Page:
In the past, prolactin’s stimulatory effect on appetite was adaptive. When living in an environment with a scarce or unpredictable supply of food, you need to save those precious fat reserves laid down during pregnancy for times of shortage.
But these days, the boost in appetite is arguably maladaptive, at least in developed countries, where food is plentiful and in constant supply. The shortage never comes, so women tend to hold onto their pregnancy fat reserves indefinitely.
Prolactin is just one piece of the weight loss problem. Lack of sleep is also a likely culprit.
On average, breastfed babies awake more frequently at night than formula-fed babies. Babies who are formula-fed are far more likely than breastfed babies to sleep through the night by 3-4 months of age.
Inadequate, broken sleep, such as that of new parents, wreaks havoc on the appetite. The body shifts into crisis mode, trying to conserve energy for what it assumes must be hard times. Energy levels tank. The hormones regulating appetite downshift into starvation mode: Levels of leptin, a hormone dampening appetite, drop, while levels of ghrelin, a hormone stimulating appetite, rise. Poor quality sleep increases activity in brain areas sensitive to rewarding, highly desirable foods, making it harder to resist high-calorie food.
Biology is not the only force working against weight loss while breastfeeding. For many women, breastfeeding, especially exclusive breastfeeding, poses serious logistical challenges to getting exercise. Breastfeeding on demand sucks away a tremendous amount of time. Who can fit in a workout when they are nursing every 2 to 3 hours for half an hour at a time?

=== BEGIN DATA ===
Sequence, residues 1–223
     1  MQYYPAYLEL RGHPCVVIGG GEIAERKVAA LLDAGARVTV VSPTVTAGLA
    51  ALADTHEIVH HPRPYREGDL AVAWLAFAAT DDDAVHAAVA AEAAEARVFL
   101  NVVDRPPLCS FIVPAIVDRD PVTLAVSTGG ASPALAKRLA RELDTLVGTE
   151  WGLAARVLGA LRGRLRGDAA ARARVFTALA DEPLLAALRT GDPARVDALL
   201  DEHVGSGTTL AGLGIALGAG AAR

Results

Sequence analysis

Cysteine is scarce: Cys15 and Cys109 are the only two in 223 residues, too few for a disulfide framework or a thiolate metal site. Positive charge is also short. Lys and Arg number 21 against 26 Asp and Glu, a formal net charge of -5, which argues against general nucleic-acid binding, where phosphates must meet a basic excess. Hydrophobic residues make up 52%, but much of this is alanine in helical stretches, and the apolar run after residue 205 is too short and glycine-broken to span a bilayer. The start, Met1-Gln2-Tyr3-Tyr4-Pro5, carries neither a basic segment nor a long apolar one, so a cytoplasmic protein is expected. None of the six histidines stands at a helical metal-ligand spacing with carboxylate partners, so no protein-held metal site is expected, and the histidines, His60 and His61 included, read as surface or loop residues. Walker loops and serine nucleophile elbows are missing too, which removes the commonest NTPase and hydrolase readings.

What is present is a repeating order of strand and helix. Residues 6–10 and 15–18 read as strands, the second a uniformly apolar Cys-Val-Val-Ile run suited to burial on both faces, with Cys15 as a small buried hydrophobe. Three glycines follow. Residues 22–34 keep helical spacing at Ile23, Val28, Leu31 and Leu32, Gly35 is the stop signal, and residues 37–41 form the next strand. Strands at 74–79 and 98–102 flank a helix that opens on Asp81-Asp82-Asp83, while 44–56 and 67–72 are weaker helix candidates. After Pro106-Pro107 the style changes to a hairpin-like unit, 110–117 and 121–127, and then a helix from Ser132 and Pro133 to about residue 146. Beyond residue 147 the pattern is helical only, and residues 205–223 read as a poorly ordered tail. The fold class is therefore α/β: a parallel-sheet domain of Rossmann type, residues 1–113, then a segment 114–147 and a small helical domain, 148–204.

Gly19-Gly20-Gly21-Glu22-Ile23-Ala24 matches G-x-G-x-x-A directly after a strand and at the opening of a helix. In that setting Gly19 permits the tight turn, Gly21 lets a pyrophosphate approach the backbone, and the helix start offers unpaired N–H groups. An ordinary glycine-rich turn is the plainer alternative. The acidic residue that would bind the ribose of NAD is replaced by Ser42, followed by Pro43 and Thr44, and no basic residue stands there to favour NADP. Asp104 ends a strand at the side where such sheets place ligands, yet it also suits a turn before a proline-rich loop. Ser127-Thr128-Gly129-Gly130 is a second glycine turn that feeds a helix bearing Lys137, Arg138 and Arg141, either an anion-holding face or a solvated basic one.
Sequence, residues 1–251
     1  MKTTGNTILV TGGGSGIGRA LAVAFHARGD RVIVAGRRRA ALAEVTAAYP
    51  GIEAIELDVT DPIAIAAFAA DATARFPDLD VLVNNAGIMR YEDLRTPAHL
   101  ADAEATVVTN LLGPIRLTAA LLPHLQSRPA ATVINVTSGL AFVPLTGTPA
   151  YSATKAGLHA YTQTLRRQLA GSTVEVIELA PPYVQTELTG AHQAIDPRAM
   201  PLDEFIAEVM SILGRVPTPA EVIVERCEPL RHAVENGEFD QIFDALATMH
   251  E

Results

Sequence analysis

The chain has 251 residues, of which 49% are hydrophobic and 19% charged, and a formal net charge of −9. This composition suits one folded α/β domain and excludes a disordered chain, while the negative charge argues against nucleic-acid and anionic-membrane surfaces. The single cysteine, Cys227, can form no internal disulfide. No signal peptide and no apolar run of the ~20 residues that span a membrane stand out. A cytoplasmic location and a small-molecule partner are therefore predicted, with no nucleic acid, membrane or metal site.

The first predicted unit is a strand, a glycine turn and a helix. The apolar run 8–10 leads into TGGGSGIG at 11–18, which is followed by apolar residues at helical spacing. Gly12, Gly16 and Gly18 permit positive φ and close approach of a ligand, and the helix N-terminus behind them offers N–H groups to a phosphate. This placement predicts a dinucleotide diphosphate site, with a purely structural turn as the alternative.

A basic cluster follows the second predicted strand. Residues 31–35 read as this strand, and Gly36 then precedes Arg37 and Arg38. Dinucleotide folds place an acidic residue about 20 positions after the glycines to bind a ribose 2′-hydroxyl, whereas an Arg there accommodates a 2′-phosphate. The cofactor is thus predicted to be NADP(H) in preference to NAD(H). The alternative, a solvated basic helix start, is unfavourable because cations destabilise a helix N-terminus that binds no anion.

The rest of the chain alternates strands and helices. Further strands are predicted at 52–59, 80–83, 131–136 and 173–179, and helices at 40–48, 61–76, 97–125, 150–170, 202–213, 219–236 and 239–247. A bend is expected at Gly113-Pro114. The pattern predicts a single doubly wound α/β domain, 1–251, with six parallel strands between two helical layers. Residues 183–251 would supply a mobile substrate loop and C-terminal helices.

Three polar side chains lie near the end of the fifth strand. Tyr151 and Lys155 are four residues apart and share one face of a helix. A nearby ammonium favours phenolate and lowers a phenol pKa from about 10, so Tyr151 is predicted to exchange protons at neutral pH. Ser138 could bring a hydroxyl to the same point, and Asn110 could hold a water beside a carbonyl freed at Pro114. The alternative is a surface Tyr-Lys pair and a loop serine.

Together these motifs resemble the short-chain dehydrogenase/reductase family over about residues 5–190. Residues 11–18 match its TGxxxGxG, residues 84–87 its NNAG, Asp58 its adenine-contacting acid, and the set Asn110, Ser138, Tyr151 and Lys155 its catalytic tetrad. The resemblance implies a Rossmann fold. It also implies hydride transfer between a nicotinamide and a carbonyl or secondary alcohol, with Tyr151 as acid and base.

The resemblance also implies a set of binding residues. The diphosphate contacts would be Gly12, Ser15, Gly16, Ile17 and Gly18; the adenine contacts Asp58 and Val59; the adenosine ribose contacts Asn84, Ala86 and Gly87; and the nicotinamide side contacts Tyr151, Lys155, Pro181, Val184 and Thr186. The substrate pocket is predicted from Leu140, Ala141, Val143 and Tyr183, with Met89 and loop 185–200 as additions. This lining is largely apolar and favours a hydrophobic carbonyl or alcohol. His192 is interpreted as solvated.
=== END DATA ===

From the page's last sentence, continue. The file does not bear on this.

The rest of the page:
Exclusive breastfeeding also makes it hard for other people to give you a break, so you can go to the gym or out for a walk.
This was certainly true for me. Both of my children refused, and I mean refused, to take a bottle. By 2 months of age, the mere sight of a bottle would send my son into hysterics. During the first 6 months after I gave birth, I could sneak away from him for at most an hour at a time.
The Bottom Line
Despite burning a considerable number of calories, breastfeeding has a negligible effect on body fat and total body weight for most well-nourished women.
The medical establishment, as well as many researchers, seems reluctant to admit this. For example, many of the research articles cited in this post have titles that suggest breastfeeding has a major impact on weight loss. Dig into their actual findings, though, and you find a different story: the differences in weight loss between breastfeeding and formula-feeding mothers are almost always small, and often vanish altogether when other factors, like age, gestational weight gain, and prepregnancy weight are taken into account.
Some of this reluctance may be because science can never “prove” a null result. It is always possible that the lack of an effect is due to poor study design, or poor measurement, or some other form of bias. A series of better-designed studies could find that breastfeeding leads to significant weight loss.
Still, when the vast majority of the evidence does not support the idea that breastfeeding helps women lose their pregnancy weight, major medical organizations like the AAP have no business stating otherwise.
The emphasis on breastfeeding for weight loss almost feels like a bait-and-switch. Because in fact, when it comes to holding onto extra pregnancy pounds, the biggest factor is not breastfeeding, but how much weight you gained during pregnancy.
What about you? Did breastfeeding help you lose your pregnancy weight?